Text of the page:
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International affairs
European social policy: the legal framework

The European Union (EU) undertakes its own initiatives in the field of social policy in order to achieve full employment and social progress across the EU. However, due to the principle of subsidiarity, the EU can only become active on issues which the Member States cannot tackle alone.

One of the EU’s goals is to establish a social-market economy aiming at full employment and social progress. This is laid down in Article 3 of the Treaty on European Union (TEU). In other words, the EU aims to improve the living and working conditions of its citizens through its European social policies. These aspirations are complemented by provisions in the EU’s Charter of Fundamental Rights. They grant EU citizens the right to invoke the fundamental social rights laid down in the Charter of Fundamental Rights vis-à-vis the EU. Examples of these rights are workers’ rights, social security and the inclusion of persons with disabilities. They are listed in Articles 26 - 35 of the Fundamental Rights Charter.

To make these social-policy goals a reality at the European level, the EU undertakes its own social-policy initiatives. However, due to the principle of subsidiarity, the EU can only become active on issues which the Member States cannot effectively tackle alone. This means that in the field of social policy, the EU has significantly fewer powers than in other policy areas such as agricultural policy. Article 4 (2) of the Treaty on the Functioning of the European Union (TFEU) describes this division of powers as shared competence of the EU and the Member States for social policy. In concrete terms this means that the EU can advance EU-wide harmonisation on many labour-law issues. This is set out in Articles 153 - 157 TFEU. However, the EU does not have the competence to define the basic features of social legislation. Rather this is the domain of the individual EU Member States. In accordance with Article 153 (5) TFEU questions of pay, the right of association, the right to strike and the right to impose lock-outs are also exclusively the domain of national legislators.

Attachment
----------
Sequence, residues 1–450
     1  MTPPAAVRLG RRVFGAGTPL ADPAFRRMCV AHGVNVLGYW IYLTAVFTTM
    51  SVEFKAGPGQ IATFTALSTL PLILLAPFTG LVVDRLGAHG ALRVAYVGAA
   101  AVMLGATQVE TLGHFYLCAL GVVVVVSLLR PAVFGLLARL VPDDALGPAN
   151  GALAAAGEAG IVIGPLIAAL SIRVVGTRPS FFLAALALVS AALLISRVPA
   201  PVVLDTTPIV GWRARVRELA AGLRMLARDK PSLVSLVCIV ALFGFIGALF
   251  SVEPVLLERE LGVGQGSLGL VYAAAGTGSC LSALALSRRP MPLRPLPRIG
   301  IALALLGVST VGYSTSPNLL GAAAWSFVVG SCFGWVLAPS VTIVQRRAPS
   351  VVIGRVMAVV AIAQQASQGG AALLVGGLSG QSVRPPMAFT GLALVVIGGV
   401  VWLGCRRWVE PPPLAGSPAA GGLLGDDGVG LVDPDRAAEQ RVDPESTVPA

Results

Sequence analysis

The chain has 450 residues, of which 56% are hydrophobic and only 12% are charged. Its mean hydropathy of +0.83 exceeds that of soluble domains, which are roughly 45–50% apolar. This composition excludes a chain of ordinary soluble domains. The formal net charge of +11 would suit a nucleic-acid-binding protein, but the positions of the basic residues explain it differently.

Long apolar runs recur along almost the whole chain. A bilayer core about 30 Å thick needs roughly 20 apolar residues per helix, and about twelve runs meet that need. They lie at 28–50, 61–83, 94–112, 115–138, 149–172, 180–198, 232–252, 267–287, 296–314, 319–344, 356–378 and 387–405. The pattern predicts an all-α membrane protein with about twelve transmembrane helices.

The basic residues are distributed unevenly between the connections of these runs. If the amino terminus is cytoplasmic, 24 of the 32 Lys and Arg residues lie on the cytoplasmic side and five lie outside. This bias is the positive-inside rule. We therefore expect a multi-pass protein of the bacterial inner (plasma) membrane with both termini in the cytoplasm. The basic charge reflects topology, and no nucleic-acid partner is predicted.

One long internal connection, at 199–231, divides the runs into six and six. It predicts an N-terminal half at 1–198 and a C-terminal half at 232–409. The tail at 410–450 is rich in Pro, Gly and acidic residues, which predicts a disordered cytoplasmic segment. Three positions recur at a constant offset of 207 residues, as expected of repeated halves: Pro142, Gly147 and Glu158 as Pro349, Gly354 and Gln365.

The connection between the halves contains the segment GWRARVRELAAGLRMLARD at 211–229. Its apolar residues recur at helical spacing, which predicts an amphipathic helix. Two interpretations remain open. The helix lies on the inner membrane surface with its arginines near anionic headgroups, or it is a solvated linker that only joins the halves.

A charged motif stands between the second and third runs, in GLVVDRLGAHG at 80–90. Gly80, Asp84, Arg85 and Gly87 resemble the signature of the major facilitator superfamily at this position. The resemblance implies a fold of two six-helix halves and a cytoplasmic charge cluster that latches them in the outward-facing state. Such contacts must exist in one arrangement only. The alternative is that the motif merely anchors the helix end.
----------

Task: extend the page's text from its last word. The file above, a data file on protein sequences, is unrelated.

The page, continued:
In addition to the adoption of legislation, tools for shaping European social policies are cooperation between Member States, measures designed to encourage cooperation between Member States (Articles 153 (2) and 156 TFEU) and the social dialogue at the EU level enshrined in Articles 154 and 155 TFEU.

National and European social policies are often closely intertwined with economic and fiscal policies. Social-policy decisions for example influence economic activity and public budgets, but at the same time macro-economic developments impact social protection systems. For this reason, European social policies are closely interwoven with the European Single Market. The Single Market in turn must be further developed both economically and socially so that the people living in the EU Member States can draw maximum benefit from it. European social policies for their part must ensure that economic progress and success do not lead to a lowering of social standards. Competition and a strong economic performance should also have a positive impact on social-policy leverage.

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